Is Killing a Murder?

Is killing what the sixth commandment prohibits? Or does it prohibit murder?

This question generates great interest, probably because of its ethical implications. Answering the question is not as difficult as dealing with the ethical significance. Allow me to discuss the meaning of the terminology used in the commandment and make some general remarks concerning its significance.

1. Premeditated Killing: The Hebrew verb translated “killing/murder” in Exodus 20:13 (ratsach) designates the premeditated and intentional taking of a human life. In the Old Testament the verb is used in cases in which a person intentionally strikes another with an instrument of iron, stone, or wood, causing the death of the individual (Num. 35:16-18). There is always an evil motivation, like enmity (verse 21) or ego gratification (1 Kings 21:2, 3, 19). It is usually performed by the morally corrupt or by those in power (Jer. 7:9; Hosea 6:9). Whenever it takes place it is a case of culpable homicide, murder. Jesus explicitly reaffirmed the commandment and traced murder back to human anger and lack of love (Matt. 5:21, 22). The prohibition is based on the doctrine of creation and redemption: Human life is to be respected because God brought it into existence and Christ redeemed it through His blood.

2. Unintentional Killing: The Hebrew verb ratsach can also designate the unintentional, accidental killing of another human being. The fundamental difference between killing and murder is located in the motivation and the absence of premeditation. In this case we are dealing with the accidental death of a person, the best example being found in Numbers 35:22, 23: “But if without hostility someone suddenly shoves another or throws something at him unintentionally or, without seeing him, drops a stone on him that could kill him, and he dies” (NIV), that person had the right to find safety in one of the cities of refuge.

The purpose of the law of unintentional killing was to bring the practice of blood revenge under social legal control. Apparently accidental killing was not considered legally excusable. The life of the killer was in jeopardy as long as he lived, unless during his lifetime the high priest died (verse 25). It implies that the death of the high priest was counted as the death of the slayer, allowing him to leave the city of refuge as a free citizen.

3. Justifiable Exceptions(?): The use of the verb ratsach (to kill, murder) in the sixth commandment appears to be restricted to illegal killing. It is never used to refer to the death penalty or to killing in war. With respect to the death penalty we often find the Hebrew verb môt, “to put to death” (e.g., Lev. 20:10; Num. 35:31). In the context of war the verb harag, “to kill, slay” (e.g., 2 Sam. 10:18), is commonly used. Therefore the commandment itself should not be used exclusively to determine whether war and capital punishment are right or wrong. In those areas there will be different opinions.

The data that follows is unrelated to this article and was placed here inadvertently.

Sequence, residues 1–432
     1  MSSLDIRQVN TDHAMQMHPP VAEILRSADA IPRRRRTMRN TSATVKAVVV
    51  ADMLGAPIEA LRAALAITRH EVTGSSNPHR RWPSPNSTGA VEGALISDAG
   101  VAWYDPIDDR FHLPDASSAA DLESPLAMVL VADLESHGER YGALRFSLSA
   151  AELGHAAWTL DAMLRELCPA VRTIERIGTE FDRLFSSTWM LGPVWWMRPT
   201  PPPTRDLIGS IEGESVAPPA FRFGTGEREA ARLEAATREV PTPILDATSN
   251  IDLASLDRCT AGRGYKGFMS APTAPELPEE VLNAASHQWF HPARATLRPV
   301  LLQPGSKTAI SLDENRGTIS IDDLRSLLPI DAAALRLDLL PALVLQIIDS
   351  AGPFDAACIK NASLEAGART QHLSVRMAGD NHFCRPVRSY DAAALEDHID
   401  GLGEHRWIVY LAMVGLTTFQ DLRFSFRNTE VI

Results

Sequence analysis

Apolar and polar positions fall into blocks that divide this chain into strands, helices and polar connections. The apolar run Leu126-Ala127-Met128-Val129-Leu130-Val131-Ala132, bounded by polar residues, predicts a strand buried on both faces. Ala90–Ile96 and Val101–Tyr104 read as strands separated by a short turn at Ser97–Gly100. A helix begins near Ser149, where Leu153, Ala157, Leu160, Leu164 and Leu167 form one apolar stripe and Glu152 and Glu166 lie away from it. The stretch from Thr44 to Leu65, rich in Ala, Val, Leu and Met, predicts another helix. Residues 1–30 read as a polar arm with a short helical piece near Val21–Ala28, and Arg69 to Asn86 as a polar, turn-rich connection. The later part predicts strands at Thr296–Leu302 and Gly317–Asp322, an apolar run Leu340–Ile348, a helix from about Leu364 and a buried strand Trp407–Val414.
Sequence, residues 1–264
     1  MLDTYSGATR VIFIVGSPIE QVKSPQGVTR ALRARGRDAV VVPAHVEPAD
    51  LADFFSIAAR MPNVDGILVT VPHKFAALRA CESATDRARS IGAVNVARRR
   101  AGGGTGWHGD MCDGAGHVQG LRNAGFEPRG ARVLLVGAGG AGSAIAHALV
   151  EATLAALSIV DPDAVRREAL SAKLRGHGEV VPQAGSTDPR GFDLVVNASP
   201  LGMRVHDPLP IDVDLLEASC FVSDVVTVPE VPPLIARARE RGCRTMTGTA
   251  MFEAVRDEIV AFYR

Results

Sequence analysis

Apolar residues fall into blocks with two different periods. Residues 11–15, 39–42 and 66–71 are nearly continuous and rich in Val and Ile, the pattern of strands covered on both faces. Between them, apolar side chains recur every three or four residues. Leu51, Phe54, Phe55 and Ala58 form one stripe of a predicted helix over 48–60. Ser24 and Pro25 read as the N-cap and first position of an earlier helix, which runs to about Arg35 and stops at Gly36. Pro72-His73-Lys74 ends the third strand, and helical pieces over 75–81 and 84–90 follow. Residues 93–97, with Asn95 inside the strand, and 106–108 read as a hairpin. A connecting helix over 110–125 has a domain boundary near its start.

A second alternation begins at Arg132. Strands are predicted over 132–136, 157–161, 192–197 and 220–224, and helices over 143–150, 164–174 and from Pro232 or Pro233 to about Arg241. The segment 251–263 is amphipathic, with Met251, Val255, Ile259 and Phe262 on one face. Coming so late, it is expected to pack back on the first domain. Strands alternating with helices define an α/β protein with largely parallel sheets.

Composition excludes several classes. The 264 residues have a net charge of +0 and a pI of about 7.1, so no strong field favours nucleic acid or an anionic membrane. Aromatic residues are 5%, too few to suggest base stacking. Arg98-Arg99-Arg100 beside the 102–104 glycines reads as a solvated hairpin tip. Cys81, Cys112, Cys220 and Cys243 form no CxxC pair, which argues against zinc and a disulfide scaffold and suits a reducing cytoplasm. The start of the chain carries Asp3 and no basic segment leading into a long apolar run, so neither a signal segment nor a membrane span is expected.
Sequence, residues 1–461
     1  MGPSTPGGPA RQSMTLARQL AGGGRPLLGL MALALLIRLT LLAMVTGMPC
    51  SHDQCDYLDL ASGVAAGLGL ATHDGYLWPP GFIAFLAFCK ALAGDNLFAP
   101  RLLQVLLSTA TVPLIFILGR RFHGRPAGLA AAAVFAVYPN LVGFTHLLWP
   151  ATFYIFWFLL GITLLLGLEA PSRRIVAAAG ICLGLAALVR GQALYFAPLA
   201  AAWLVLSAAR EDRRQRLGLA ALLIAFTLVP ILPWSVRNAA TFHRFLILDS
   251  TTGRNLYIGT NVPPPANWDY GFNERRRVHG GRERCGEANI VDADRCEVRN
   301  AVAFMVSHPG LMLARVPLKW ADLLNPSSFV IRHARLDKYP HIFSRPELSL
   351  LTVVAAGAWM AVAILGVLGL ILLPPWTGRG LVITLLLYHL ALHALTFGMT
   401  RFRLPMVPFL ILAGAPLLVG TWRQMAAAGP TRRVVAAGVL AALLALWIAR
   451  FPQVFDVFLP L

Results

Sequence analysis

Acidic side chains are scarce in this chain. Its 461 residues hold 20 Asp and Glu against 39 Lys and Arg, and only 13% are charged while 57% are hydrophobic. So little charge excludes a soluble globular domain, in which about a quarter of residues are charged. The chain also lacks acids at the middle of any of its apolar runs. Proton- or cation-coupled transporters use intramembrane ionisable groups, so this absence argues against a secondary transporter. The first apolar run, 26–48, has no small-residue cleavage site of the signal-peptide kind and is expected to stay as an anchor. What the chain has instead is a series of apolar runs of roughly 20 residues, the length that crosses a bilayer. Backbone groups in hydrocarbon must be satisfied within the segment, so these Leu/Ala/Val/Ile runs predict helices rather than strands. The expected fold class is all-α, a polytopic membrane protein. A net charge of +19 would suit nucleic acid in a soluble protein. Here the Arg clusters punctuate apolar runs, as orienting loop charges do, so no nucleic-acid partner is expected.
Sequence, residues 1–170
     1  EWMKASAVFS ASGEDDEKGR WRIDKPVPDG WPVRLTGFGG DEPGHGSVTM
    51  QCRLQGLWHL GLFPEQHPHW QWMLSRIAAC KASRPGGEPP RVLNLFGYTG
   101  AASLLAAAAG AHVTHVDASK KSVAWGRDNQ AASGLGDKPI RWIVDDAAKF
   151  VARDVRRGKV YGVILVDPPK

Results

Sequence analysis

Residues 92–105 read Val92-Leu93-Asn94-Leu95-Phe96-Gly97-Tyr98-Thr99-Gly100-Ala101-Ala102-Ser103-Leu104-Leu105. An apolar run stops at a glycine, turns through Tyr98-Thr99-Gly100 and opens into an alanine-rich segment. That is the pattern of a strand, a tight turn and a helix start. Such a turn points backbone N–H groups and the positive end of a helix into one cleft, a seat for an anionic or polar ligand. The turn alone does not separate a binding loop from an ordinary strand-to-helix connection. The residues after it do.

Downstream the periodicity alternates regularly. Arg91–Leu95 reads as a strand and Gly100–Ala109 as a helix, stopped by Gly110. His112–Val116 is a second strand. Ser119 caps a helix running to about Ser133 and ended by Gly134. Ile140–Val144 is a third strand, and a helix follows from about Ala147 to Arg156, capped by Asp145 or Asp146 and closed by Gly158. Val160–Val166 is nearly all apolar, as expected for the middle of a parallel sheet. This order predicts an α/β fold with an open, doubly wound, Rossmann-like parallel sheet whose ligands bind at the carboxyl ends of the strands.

However, we should keep in mind that the fact that defensive warfare was practiced among the Israelites does not mean that such killings were necessarily justifiable. David was involved in war and that disqualified him in the Lord’s eyes from building the Temple (1 Chron. 22:8). This suggests that there is something intrinsically wrong with killing in war. Personal self-defense has traditionally been upheld by the Christian church, but self-defense should not be equated with the taking of life. Self-defense requires the use of the minimal force to neutralize the intruder or assailant. Of course, that action could result in the death of the individual, but that is not the intention.
Capital punishment is perceived in the Old Testament theocratic system as justifiable, even required, in the case of murder (Num. 35:30). Whether that law should be normative in modern society is something that theologians, ethicists, and sociologists have to debate (cf. Rom. 13:1-5).

Perhaps I should point out that murder is not limited to the act of taking a human life. Through our words and attitudes we can destroy lives and bring almost to an end the aspirations of children, young people, and those around us. Love reserves life and its quality in all its expressions and ramifications. We should always seek to preserve life.